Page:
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Glastonbury: the pop-up city that plays home to 200,000 for the weekend

The Glastonbury Festival at Worthy Farm, which started in 1970, is now one of the largest music festivals in the world.
The Glastonbury Festival at Worthy Farm, which started in 1970, is now one of the largest music festivals in the world. Photograph: Matt Cardy/Getty Images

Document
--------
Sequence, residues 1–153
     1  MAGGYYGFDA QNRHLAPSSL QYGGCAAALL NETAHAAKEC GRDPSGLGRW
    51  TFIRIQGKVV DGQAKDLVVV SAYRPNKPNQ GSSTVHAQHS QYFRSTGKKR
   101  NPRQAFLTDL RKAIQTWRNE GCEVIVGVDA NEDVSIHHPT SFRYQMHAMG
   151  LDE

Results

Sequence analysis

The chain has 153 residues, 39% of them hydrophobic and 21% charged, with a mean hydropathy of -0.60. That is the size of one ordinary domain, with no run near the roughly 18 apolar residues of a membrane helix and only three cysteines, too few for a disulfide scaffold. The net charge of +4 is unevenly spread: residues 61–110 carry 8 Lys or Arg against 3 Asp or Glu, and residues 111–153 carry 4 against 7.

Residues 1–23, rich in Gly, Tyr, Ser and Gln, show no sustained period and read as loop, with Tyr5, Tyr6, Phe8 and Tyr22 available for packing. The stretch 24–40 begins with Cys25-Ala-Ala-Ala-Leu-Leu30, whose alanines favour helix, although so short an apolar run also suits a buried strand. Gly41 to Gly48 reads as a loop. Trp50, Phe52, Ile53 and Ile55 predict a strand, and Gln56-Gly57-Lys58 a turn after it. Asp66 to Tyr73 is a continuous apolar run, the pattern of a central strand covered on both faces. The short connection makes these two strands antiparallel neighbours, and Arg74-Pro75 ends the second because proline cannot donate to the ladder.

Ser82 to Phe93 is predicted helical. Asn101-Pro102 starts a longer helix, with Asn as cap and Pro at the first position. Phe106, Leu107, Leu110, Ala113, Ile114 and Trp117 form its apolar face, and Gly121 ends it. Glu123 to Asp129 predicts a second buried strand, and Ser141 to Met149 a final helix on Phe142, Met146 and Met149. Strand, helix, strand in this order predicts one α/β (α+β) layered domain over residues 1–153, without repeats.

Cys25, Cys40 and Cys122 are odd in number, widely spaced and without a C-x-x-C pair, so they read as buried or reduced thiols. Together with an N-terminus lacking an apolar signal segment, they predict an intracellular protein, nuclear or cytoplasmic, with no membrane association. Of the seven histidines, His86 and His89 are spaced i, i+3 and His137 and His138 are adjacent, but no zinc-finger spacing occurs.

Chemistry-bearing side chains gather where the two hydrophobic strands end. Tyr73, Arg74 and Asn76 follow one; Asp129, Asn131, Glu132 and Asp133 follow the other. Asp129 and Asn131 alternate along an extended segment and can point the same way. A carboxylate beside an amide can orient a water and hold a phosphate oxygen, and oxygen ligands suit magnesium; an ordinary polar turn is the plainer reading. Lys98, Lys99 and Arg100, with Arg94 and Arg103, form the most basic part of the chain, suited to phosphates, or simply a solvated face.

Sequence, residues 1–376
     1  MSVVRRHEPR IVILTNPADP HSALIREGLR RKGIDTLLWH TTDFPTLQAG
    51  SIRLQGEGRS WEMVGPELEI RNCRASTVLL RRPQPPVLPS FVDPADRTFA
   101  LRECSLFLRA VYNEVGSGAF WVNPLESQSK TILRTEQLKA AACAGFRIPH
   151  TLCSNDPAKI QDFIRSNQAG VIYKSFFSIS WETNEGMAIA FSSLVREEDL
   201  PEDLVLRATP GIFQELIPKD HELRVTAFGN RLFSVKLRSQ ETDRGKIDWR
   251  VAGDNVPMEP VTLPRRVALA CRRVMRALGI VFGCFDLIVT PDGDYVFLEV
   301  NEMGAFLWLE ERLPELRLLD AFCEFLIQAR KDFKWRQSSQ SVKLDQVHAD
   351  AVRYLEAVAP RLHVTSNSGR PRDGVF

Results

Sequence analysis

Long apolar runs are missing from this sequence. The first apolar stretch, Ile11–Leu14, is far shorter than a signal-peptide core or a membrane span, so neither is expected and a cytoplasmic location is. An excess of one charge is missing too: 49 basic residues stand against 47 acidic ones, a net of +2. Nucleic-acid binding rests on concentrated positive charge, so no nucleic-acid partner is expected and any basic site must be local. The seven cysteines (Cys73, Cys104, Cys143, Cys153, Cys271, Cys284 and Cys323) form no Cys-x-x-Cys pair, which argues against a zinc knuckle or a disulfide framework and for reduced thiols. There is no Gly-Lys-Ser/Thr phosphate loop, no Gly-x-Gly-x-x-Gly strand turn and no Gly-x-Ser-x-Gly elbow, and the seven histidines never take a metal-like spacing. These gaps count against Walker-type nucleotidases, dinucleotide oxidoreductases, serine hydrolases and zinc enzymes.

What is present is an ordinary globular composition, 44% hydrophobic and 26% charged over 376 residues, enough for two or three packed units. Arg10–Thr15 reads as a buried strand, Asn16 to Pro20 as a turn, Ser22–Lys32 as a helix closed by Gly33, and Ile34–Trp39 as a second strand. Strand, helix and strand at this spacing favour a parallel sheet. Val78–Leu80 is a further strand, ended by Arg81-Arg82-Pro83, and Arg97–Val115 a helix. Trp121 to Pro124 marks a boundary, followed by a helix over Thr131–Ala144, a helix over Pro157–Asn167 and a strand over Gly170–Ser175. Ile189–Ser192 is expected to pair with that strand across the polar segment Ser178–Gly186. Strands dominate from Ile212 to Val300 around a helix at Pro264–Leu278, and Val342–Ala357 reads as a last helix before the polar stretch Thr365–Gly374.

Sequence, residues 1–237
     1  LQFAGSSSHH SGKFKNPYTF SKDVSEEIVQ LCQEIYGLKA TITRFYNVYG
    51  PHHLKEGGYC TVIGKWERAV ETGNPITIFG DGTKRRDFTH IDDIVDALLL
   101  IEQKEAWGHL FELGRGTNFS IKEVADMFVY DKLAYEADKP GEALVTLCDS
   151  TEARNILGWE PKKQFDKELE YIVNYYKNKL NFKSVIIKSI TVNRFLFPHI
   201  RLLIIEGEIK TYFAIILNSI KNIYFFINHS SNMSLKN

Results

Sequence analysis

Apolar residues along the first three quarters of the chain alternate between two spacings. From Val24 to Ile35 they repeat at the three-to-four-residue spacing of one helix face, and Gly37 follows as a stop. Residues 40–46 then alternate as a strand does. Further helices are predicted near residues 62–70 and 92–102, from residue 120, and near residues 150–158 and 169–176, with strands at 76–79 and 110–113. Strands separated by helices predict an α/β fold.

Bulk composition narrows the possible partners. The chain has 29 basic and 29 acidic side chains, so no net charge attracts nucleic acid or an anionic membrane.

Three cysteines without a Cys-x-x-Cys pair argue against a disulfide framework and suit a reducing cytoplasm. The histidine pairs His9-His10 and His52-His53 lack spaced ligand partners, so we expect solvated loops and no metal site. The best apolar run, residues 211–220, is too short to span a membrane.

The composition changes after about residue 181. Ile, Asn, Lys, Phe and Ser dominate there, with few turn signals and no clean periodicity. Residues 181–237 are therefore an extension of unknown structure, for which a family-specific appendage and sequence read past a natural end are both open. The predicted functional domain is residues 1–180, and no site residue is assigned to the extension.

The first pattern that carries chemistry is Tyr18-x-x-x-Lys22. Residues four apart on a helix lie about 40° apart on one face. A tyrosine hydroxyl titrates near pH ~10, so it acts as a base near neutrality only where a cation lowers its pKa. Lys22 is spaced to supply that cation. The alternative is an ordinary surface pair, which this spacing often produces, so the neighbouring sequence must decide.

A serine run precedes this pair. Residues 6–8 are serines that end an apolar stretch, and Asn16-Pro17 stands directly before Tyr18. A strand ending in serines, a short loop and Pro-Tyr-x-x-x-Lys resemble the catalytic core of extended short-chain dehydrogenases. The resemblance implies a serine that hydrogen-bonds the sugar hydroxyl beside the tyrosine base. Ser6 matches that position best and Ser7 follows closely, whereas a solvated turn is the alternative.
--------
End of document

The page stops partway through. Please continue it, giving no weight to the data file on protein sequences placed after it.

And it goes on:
In June of (almost) every year, a medium-sized city emerges for a weekend in the West Country, then disappears again. The population – over 200,000 people at its peak – would make it the seventh largest city in the south of England, after London, Bristol, Southampton, Portsmouth, Plymouth and Brighton (possibly its nearest relative). Regarding the Glastonbury Festival as a “city” might seem counter-intuitive, given its premise of a partial return to ancient rural civilisation – fake stone circles and all. But a city it is, with a massive system of infrastructure and spatial organisation that is no less impressive for being temporary. This is a place where at least one of the dreams of the 1960s lives on – or where it went to die, depending on your view of the festival and its attractions.